Living in the Past - Jethro Tull
A most curious relic of progressive-folk paleontology. It's not a greatest hits package, not a live album (except for three songs), not wholly a rock album, and not even a career compilation. Imagine being able to release a record of cast-offs, B-sides, and EP tracks this magnificent, but only having been a band for merely four studio albums up to that point (1968-72). Amazing. And although it's not an all-acoustic album either, there is an album-worth of great acoustic tracks: The Witches Promise, Life is a Long Song, Nursie, Up the Pool, Christmas Song, Just Trying to Be, Dr. Bogenbroom, and Wondr'ing Again. There is nothing else like it.


I wish to give a heartfelt thanks to all the kind folks who commented, collaborated and offered timely suggestions during the first year of this blog. Hell, I'll even thank the dolts with rude or disparaging editorial comments (and decidedly poor taste in music, obviously) who enlivened the site with their inane bits of buffoonery. It takes all kinds, and a passion for music, which I will readily agree is highly subjective, oft leads us all astray. Besides, I'll argue with just about anyone.


Sunday, July 3, 2011

The Greatest Acoustic Rock Albums of All Time, Part 1 - A Dark Elf File 1st Anniversary Special

Welcome to the 1st Anniversary Edition of the Dark Elf File. One year ago (July 11, 2010 to be exact), I finally got around to haunting the blogosphere. And so, in honor of such an august occasion (august, even if it's July), I decided to blow my wad on one mega-article in two parts devoted to a single theme. Based on in-depth statistical analysis (I clicked over to the Blogger stats page and looked at the most viewed articles), it was obvious that acoustic songs were a favorite music subject among the bleary-eyed audiophilic zealots who follow my rambling rants on this idiosyncratic but grammatically impeccable site. And since I hit the century mark in regards to individual acoustic songs (Fifty Great Acoustic Rock Songs and Great Acoustic Rock Songs -- The Next Fifty), the logical progression would be to discuss which, in my estimation, would be the greatest acoustic rock albums of all time.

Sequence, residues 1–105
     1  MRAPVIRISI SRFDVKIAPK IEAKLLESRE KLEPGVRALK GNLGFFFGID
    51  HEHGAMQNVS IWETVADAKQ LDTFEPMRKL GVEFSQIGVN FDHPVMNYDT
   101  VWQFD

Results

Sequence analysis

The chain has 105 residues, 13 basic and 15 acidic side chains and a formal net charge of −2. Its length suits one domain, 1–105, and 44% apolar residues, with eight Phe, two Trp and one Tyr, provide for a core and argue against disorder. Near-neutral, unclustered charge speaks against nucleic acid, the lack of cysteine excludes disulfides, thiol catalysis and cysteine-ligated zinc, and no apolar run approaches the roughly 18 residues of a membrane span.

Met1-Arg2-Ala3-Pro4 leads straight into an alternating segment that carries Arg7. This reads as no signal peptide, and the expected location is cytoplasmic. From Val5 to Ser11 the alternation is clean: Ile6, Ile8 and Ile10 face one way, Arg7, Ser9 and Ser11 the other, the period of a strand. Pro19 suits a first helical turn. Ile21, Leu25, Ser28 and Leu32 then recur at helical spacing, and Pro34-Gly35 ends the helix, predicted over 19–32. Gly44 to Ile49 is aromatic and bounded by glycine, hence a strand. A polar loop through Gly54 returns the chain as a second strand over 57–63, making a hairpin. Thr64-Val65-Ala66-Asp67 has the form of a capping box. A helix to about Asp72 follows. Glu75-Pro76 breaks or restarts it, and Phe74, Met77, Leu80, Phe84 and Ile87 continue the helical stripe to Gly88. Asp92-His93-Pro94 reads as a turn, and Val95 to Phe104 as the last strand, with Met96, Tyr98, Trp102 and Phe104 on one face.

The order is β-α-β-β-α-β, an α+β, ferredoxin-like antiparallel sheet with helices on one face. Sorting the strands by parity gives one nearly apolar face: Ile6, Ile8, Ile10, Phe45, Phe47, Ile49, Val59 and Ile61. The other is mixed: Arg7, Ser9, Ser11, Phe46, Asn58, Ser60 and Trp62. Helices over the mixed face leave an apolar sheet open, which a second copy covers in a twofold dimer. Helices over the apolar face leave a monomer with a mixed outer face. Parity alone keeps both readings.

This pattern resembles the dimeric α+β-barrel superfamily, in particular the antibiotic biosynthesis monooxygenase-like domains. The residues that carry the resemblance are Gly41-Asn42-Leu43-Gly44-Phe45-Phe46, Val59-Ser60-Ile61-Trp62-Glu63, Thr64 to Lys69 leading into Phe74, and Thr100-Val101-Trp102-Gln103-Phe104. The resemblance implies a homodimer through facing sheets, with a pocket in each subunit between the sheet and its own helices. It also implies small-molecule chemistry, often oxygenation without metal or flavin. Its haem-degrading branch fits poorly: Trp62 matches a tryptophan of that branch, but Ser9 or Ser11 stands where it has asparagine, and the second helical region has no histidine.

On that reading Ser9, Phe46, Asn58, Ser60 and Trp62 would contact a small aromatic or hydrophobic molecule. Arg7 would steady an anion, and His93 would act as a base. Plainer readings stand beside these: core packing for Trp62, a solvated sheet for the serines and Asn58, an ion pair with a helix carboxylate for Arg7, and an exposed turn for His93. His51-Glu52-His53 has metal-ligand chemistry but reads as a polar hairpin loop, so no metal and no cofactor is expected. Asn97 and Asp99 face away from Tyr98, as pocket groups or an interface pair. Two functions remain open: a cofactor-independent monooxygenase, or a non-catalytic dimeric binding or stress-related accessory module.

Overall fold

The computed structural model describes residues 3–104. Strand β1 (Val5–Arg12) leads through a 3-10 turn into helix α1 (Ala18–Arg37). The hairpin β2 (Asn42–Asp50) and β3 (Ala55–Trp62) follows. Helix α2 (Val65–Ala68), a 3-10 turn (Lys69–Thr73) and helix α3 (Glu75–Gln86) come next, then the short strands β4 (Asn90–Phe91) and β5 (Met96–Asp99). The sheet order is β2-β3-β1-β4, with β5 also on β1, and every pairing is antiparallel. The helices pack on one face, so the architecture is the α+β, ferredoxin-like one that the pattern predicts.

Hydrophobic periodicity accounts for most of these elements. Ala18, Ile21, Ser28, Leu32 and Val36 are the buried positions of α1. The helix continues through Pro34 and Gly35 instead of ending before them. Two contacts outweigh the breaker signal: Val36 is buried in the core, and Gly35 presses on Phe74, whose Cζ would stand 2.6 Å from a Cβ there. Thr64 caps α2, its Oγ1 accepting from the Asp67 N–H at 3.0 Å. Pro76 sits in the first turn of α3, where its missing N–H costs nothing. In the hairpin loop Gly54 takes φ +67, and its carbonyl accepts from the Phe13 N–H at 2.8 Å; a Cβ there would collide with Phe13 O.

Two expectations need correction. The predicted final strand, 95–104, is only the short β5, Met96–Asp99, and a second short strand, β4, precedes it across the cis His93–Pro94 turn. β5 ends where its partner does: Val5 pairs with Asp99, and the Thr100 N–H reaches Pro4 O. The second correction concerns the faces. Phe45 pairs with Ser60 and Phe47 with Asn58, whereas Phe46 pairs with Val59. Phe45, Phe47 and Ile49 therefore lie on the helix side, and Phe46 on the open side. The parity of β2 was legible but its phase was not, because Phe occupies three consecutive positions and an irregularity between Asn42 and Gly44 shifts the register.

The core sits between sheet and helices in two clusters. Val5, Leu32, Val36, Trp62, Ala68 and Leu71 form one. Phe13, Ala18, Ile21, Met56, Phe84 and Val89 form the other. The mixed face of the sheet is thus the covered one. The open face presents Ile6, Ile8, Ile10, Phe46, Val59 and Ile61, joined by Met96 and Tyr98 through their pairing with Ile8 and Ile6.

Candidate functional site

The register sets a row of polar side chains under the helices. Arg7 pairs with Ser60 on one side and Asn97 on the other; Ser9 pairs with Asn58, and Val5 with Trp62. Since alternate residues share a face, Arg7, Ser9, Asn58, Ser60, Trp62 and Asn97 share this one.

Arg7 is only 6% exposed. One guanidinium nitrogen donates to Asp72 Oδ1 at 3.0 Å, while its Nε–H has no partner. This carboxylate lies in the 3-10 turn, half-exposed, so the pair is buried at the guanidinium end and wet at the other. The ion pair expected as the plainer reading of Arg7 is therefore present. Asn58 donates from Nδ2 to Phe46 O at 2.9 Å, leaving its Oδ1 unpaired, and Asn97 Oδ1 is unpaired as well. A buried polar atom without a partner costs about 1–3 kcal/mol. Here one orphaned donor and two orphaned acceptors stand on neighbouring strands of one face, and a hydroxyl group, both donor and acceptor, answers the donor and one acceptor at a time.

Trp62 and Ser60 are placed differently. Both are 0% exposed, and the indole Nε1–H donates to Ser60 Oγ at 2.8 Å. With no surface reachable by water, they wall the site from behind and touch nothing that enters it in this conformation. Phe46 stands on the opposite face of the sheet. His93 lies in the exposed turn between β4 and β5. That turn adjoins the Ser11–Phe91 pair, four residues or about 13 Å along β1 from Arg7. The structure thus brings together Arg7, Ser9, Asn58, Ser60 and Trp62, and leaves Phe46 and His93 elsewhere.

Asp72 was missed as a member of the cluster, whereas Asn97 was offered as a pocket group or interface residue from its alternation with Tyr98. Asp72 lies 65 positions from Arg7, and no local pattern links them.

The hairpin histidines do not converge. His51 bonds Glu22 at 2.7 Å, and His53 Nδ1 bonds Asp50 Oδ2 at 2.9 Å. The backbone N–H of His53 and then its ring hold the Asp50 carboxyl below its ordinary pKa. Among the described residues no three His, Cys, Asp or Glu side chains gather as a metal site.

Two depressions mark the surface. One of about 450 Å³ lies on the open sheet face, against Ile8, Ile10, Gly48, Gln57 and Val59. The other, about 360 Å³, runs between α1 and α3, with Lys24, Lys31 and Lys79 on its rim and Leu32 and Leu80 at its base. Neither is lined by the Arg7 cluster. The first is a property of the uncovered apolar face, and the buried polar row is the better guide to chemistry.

So, you may well ask, what exactly makes an acoustic rock album a rock album that is acoustic, kind sir? Well, my dears, I reply in kind, it is basically an album that may contain all the elements of rock music (drums, electric guitars, keyboards and electronic gadgetry), but there must also be a particular emphasis on acoustic guitar that is not found in your run-of-the-mill rock offering. I am not talking about a hard rock or metal album that has one or even two acoustic ballads merely to get the girls moist at concerts, as that is pretty standard fair (every band from Pink Floyd to Bon Jovi has a few acoustic songs to throw at you).

On the contrary, an acoustic rock album, if not employing acoustic instruments entirely (as many of the albums I have chosen are so composed), then the album must have at least half of the compositions comprised of acoustic arrangements to meet my stringent (if wholly subjective) requirements. I have decided to eliminate all live recordings (such as "Unplugged" events - which is cheating) and greatest hits packages or compilation sets, opting strictly for original studio albums. Although I offer, here and there, an album of strictly instrumental music (Kottke, Hedges and Keaggy), I am more interested in the compositional aspects of acoustic songs: the lyrics, melody lines and various treatments of the material.